The fifth week I placed an ad in the newspaper, and within a week we had people interested in all of the pups, except the one with the deformity. Late one afternoon I went to the store to pick up a few groceries. Upon returning I happened to see the old retired schoolteacher, who lived across the street from us, waving at me. She had read in the paper that we had puppies and was wondering if she might get one from us for her grandson and his family. I told her all the puppies had found homes, but I would keep my eyes open for anyone else who might have an available cocker spaniel. I also mentioned that if someone should change their mind, I would let her know. Within days, all but one of the puppies had been picked up by their new families. This left me with one brown and tan cocker as well as the smaller puppy with the cleft lip and palate.
Two days passed without me hearing anything from the gentleman who had been promised the tan and brown pup. I telephoned the schoolteacher and told her I had one puppy left and that she was welcome to come and look at it. She advised me that she was going to pick up her grandson and would come over at about eight o’clock that evening.
That night at around seven-thirty, Judy and I were eating supper when we heard a knock on the front door. When I opened the door, the man who had wanted the tan and brown pup was standing there. We walked inside, took care of the adoption details and I handed him the puppy. Judy and I did not know what we would do or say when the teacher showed up with her grandson. At exactly eight o’clock the doorbell rang. I opened the door, and there was the schoolteacher with her grandson standing behind her. I explained to her the man had come for the puppy after all, and there were no puppies left. “I’m sorry, Jeffery. They found homes for all the puppies,” she told her grandson.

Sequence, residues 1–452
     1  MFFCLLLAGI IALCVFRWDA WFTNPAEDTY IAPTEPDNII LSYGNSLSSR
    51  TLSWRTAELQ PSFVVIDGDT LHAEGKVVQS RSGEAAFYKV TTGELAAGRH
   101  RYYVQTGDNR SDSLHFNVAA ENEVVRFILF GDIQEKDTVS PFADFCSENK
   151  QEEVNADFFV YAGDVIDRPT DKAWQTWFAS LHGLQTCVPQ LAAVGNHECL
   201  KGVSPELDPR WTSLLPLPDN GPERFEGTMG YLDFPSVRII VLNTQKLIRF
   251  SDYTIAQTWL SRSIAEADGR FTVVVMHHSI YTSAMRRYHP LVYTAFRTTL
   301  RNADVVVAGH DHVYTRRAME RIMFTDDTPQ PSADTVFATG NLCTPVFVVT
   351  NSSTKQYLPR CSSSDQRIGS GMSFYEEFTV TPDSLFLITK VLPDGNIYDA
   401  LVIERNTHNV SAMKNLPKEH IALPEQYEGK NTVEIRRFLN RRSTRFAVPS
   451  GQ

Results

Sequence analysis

Just at that moment, the small puppy left in the bedroom began to yelp.
“My puppy! My puppy!” yelled the little boy as he ran out from behind his grandmother.
I just about fell over when I saw that the small child also had a cleft lip and palate. The boy ran past me as fast as he could, down the hallway to where the puppy was still yelping. When the three of us made it to the bedroom, the small boy was holding the puppy in his arms. He looked up at his grandmother and said, “Look, Grandma. They found homes for all the puppies except the pretty one, and he looks just like me.”